Thursday 15 January 2009

Il est bel et bon (Pierre Passereau)

A jolly 16th-century chanson in archaic language.

Il est bel et bon, commère, mon mari.He is handsome and good, dear, my husband.
Il estoit deux femmes toutes d'ung pays,There were two women, both from the same area,
disanst l'une à l'aultre – “Avez bon mary.”saying one to the other, “got a good husband?”
Il ne me courrousse, ne me bat aussy.He doesn't abuse me, or beat me either.
Il faict le mesnaige,He does the housework,
il donne aux poulailles,he gives (food) to the poultry
et je prens mes plaisirs.and I take my pleasure.
Commère, c'est pour rireDear, it’ll make you laugh
Quand les poulailles crient:to hear the cries of the poultry:
Petite coquette, (co co co co da), qu'esse-cy?You little charmer, what’s this?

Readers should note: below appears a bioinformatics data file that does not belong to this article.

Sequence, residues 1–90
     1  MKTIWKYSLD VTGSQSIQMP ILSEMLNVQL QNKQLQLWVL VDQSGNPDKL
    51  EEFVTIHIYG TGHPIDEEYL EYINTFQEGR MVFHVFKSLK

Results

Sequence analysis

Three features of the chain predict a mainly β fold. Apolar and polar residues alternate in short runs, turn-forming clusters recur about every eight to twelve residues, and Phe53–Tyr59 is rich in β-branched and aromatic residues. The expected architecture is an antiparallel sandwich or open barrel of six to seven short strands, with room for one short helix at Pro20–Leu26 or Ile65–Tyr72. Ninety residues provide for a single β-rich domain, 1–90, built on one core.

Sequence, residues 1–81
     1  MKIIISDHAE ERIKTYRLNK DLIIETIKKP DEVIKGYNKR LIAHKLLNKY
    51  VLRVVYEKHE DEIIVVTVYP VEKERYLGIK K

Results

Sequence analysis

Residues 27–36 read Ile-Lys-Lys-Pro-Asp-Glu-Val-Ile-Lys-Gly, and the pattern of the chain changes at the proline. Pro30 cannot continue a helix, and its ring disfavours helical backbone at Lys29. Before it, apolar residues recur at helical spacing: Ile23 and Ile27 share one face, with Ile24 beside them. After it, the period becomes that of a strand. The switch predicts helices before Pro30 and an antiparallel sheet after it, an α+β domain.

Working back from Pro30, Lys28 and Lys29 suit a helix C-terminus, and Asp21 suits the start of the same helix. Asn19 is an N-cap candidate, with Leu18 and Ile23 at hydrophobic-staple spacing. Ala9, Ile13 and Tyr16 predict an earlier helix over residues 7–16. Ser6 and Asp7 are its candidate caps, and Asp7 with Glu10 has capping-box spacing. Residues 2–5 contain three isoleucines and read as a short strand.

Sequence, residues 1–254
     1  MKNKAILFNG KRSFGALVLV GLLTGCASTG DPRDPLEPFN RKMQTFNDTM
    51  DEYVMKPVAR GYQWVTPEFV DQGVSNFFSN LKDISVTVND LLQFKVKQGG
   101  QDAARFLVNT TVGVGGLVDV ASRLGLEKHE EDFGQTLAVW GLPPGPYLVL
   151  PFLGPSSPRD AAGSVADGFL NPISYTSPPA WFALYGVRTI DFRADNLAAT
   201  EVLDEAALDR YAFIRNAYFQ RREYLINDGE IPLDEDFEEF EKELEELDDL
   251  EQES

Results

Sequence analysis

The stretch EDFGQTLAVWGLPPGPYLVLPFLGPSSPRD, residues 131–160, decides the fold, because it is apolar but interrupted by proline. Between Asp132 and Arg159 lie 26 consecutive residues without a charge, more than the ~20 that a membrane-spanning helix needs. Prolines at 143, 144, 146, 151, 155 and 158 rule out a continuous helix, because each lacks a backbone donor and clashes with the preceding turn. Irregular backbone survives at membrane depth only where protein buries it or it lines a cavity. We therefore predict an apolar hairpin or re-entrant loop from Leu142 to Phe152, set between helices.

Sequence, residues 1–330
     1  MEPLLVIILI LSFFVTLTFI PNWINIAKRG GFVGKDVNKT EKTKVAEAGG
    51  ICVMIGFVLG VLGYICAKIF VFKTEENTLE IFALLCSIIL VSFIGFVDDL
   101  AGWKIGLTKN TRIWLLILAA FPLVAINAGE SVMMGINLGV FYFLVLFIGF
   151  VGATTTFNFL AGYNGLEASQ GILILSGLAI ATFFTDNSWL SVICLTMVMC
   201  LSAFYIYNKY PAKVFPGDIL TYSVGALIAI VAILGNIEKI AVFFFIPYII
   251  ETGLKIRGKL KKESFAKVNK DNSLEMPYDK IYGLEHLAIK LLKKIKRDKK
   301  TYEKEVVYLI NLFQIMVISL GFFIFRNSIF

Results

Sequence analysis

Commère was used by a woman to (or about) a female friend who she liked chatting with. Now it means more of a gossip. I’ve used dear as a placeholder; a restrained englishwoman probably wouldn't feel the need to say anything at all, and an ebullient american might well say girlfriend. Unfairly, as ever, the male equivalent compère is still quite a positive word for a friend.

Co co co co da is great fun to sing. It picks up the first syllable of coquette, and when the altos and basses sing it under the sopranos’ and tenors’ petite coquette then it sounds as if the poultry are clucking away. But perhaps there's also an echo of cocu or cuckold – maybe je prens mes plaisirs (I take my pleasure) means more than just sitting around chatting.